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July 26, 1961

Edward SHAPIRO, Plaintiff
C. C. STAHL, t/a Valley Novelty Works, Defendant

The opinion of the court was delivered by: FOLLMER

This is a suit for commissions on sales. The case was tried to the Court without a jury. On consideration of the pleadings and the testimony of the witnesses, and upon the entire record herein, the Court makes and files its Findings of Fact and Conclusions of Law as follows:

Findings of Fact

 1. Plaintiff, Edward Shapiro, an individual, resides at 3026-90th Street, Jackson Heights, New York.

 2. Defendant, Carroll C. Stahl, an individual, resides at Bloomsburg, Pennsylvania.

 3. Defendant is a manufacturer of wooden toys and operates under the trade name or designation of Valley Novelty Works.

 4. Sometime in 1957, about the month of August, plaintiff was approached by the principals of Playhouse Toys, Inc., a New York manufacturer and distributor of wooden toys, with the request that plaintiff, while in the course of his travels, be on the lookout for a source of manufacture of items sold by Playhouse Toys, Inc.

 5. On or about September 11, 1957, plaintiff, while calling on another producer in Columbia County, Pennsylvania, visited with defendant relative to finding a customer outlet for defendant's productive facilities. On this occasion an agreement prepared by plaintiff was executed by the parties.

 6. This agreement was based on a mutual understanding that defendant would make a ten per cent. profit on work for customers secured by plaintiff, over and above a five per cent. commission allowed by the agreement to plaintiff on said work.

 7. Under the written terms of the agreement, plaintiff was (1) employed as a salesman and engineer by the defendant; (2) was to lend any and all assistance in the setting up of jobs, breakdown of costs, and procurement of raw materials and suppliers thereof; (3) for the performance of these duties, he was to receive a five per cent. commission on goods sold to customers procured by him.

 8. The only engineering, production, or set up service at any time rendered by the plaintiff was to suggest stapling the metal bottoms of sandboxes rather than nailing them.

 9. The only customer produced by the plaintiff for the defendant was Playhouse Toys, Inc., a concern which had previously requested the plaintiff to find a manufacturer for them.

 10. All job costs or cost breakdowns for items purchased by Playhouse Toys, Inc., were prepared and furnished by its principals.

 11. The only supplies and suppliers furnished or procured by the plaintiff were (1) a carload (2500 sets) of component parts for sandboxes from Arizona Molding Co., Snow Flake, Arizona (this company was also referred to in the testimony as Hunter); (2) nuts and bolts from Atlas Screw and Specialty Co., Inc., 450 Broome St., New York 13, New York; (3) a carload of redwood lumber for kiddie picnic tables from Seneca Distributors of New York.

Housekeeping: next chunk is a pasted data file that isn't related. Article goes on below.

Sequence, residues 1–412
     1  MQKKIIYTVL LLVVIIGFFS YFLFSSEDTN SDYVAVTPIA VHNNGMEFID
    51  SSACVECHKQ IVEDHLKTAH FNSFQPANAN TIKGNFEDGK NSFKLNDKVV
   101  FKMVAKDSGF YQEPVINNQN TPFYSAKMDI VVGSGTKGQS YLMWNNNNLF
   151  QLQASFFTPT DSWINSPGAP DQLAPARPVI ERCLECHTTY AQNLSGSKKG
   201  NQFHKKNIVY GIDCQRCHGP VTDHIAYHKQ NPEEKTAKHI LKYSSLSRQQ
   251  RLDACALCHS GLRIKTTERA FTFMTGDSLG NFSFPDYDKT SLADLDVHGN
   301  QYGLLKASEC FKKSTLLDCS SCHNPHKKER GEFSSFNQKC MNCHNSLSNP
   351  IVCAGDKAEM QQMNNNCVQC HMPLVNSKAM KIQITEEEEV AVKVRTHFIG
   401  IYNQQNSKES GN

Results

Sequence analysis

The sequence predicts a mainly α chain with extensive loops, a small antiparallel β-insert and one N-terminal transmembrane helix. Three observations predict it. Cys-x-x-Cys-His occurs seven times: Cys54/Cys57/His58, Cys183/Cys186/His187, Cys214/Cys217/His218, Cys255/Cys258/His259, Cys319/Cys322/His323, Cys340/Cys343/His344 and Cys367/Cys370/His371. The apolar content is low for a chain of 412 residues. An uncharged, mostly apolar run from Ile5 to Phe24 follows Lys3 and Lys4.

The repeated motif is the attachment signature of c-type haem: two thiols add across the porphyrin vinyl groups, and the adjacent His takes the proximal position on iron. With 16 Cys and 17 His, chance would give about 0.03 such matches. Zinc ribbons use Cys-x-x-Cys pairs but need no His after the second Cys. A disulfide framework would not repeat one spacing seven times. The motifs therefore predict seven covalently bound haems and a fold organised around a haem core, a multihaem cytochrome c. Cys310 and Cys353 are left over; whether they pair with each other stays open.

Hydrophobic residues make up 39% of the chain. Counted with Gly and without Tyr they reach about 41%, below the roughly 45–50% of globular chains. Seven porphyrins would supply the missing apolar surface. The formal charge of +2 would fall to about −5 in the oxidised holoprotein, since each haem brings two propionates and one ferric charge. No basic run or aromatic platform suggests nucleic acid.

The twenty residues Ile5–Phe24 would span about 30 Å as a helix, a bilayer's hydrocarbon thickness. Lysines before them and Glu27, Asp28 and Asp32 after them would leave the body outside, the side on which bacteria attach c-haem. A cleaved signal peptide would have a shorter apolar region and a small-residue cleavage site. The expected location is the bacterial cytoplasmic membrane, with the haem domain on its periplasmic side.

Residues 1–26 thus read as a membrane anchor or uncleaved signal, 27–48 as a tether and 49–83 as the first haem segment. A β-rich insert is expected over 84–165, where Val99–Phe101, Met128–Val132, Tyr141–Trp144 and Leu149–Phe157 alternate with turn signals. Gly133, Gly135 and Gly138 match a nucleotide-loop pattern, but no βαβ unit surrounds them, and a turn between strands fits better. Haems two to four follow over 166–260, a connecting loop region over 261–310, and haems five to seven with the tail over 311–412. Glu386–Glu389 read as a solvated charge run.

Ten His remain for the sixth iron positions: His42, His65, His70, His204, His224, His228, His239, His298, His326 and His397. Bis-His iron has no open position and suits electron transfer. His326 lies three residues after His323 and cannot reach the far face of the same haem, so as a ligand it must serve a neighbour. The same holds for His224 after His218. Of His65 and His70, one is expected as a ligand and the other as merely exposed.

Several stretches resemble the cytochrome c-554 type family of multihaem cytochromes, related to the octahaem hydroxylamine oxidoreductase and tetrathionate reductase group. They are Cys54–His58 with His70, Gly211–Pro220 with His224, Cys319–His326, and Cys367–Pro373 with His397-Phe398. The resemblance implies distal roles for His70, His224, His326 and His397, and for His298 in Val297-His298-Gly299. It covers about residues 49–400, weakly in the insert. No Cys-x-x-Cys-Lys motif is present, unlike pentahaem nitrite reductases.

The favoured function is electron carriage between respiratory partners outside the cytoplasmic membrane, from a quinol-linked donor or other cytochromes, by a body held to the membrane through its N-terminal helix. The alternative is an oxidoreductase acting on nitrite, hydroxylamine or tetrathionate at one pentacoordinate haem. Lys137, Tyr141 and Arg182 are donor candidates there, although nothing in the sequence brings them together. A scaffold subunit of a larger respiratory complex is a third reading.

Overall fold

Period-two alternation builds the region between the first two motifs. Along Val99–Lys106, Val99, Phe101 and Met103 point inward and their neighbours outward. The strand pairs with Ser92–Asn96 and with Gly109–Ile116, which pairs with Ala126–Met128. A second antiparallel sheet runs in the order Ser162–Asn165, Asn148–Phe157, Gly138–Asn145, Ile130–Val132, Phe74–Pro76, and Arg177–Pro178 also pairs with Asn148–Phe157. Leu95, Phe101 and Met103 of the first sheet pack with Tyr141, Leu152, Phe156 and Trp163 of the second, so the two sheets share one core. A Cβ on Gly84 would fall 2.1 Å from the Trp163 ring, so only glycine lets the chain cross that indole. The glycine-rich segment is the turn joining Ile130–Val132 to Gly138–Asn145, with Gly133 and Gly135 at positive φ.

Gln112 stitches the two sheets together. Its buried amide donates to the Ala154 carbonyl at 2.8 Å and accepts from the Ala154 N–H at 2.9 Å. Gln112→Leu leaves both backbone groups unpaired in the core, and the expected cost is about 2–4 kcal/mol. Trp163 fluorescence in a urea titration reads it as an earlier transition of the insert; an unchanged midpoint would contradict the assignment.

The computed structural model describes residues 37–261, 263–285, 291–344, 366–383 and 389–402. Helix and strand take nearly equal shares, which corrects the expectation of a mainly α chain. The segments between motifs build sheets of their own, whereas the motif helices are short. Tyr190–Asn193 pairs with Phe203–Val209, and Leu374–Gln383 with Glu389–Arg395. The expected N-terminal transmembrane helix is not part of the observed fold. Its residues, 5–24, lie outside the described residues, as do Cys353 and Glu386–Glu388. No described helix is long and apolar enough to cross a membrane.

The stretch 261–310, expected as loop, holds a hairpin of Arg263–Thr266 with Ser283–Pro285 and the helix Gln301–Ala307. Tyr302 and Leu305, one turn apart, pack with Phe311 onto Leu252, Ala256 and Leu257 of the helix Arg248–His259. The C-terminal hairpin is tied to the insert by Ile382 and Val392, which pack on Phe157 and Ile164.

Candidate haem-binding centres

12. The plaintiff had material for the sandboxes billed to Paralite Corporation, a company owned and operated by the plaintiff at $ 1.60 per set, less commission of five per cent. and discount of two per cent. The same was billed by Paralite Corporation to the defendant at $ 1.70 per set net.

 13. The plaintiff acted in the capacity of salesman for Atlas Screw and Specialty Co., Inc., and received a salesman's commission on items sold and delivered to the defendant.

 14. The plaintiff entered into a joint venture with Joseph Dickman, trading as Seneca Distributors, in the sale and delivery of the redwood lumber to the defendant.

 15. The plaintiff assured the defendant that the type of redwood lumber supplied was satisfactory for its intended use.

 16. This material was manufactured into kiddie picnic tables and because of the wetness of the lumber, the cartons in which the same were packed became soggy, the tables became stained, and some 900 were returned to the defendant for reworking and repackaging.

 17. In September of 1958, plaintiff came to the defendant's place of business accompanied by Mr. Septoff and Mr. Kaufman, principals of Playhouse Toys, Inc., and at a luncheon which all attended, plaintiff said to the defendant, 'Forget about the whole deal. I am washing my hands of it. I am not going to be bothered with it any more.' Mr. Stahl stated, 'That is all right with me.'

 18. The plaintiff offered and performed no services of any nature of character whatsoever after September, 1958, to or for the defendant.

 19. Defendant had no knowledge until after September, 1958, that the plaintiff was receiving commissions or profit-sharing on materials which he procured for the defendant. 20. Defendant had total gross sales from September 11, 1957, to October 27, 1959, date of institution of action, in the sum of $ 217,363.42 Less returns and allowances 2,042.31 Net sales $ 215,321.11


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